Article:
|Day's Range||7,669.42 - 7,817.83|
|52 Week Range||6,190.17 - 8,133.30|
Equities extended declines after new reports showed that the manufacturing industries in the U.S. and Germany manufacturing industry slid last month, fueling concerns of a global slowdown.
Stocks are in retreat Friday, as a key measure of the U.S. yield curve inverted and a downbeat round of European data underlined worries about global growth prospects.
The spread between three-month Treasury bills and 10-year note yields inverted for the first time since 2007 on Friday and stocks around the world fell after soft U.S. and European data fuelled fears of a global economic slowdown following this week's dovish turn by the U.S. Federal Reserve. The inverted yield curve is widely understood to be a leading indicator of recession. This was after German 10-year bond yields dived below zero for the first time since October 2016 after German data showed manufacturing contracted in March for a third straight month in Europe's biggest economy.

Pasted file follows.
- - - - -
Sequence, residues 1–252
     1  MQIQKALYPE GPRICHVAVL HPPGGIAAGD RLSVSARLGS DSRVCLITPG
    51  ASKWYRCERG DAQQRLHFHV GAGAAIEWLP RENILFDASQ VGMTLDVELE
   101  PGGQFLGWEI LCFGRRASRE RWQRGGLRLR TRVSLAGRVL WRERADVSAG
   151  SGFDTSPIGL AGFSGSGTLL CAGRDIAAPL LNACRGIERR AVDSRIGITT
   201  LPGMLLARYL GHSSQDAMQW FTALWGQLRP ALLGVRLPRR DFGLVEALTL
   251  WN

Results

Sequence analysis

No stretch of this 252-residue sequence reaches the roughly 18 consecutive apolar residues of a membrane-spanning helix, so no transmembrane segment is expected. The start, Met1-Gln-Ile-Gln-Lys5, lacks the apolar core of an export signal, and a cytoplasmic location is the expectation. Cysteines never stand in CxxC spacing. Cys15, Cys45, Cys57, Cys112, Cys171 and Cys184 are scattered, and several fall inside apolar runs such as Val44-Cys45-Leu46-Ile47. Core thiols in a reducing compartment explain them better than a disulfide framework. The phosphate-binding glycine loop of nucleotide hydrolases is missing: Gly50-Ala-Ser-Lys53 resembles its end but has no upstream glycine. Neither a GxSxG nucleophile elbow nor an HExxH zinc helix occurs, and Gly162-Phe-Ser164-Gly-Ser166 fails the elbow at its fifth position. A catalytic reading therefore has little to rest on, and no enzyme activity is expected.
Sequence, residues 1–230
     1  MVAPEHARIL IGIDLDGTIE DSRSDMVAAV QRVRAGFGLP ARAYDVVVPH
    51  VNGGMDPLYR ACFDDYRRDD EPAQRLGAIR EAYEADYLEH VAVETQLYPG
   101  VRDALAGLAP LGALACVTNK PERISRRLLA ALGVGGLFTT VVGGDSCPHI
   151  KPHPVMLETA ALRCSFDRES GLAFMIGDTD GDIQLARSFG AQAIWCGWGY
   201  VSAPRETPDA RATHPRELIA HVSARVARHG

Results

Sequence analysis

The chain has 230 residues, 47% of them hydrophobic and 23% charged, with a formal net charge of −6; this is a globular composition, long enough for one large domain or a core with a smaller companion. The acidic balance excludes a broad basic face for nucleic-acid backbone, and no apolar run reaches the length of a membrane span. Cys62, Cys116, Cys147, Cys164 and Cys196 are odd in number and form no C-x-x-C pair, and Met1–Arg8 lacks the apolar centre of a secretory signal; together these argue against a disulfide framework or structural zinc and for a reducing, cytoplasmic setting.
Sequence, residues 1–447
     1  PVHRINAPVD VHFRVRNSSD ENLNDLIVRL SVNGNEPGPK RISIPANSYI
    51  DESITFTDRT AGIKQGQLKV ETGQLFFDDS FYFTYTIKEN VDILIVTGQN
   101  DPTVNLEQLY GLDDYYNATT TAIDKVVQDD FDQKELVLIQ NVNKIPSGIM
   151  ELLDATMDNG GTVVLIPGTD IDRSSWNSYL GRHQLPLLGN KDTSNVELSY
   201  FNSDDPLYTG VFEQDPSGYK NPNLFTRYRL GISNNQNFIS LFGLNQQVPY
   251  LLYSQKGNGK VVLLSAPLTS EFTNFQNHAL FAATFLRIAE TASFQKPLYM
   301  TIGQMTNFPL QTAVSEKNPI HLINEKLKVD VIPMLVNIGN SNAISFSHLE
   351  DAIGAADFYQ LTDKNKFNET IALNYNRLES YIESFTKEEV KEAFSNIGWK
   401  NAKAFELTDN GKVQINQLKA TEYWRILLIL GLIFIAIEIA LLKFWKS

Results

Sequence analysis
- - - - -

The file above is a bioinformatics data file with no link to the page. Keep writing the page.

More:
U.S. manufacturing sector Flash Purchasing Managers' Index (PMI) came in at 52.5 in March, well below the estimates of 53.6, according to economists polled by Reuters. "Today's economic numbers indicate the strong relationship that China has with Europe. The Federal Reserve on Wednesday abandoned projections for any interest rate hikes this year, as policymakers see a U.S. economy that is rapidly losing momentum.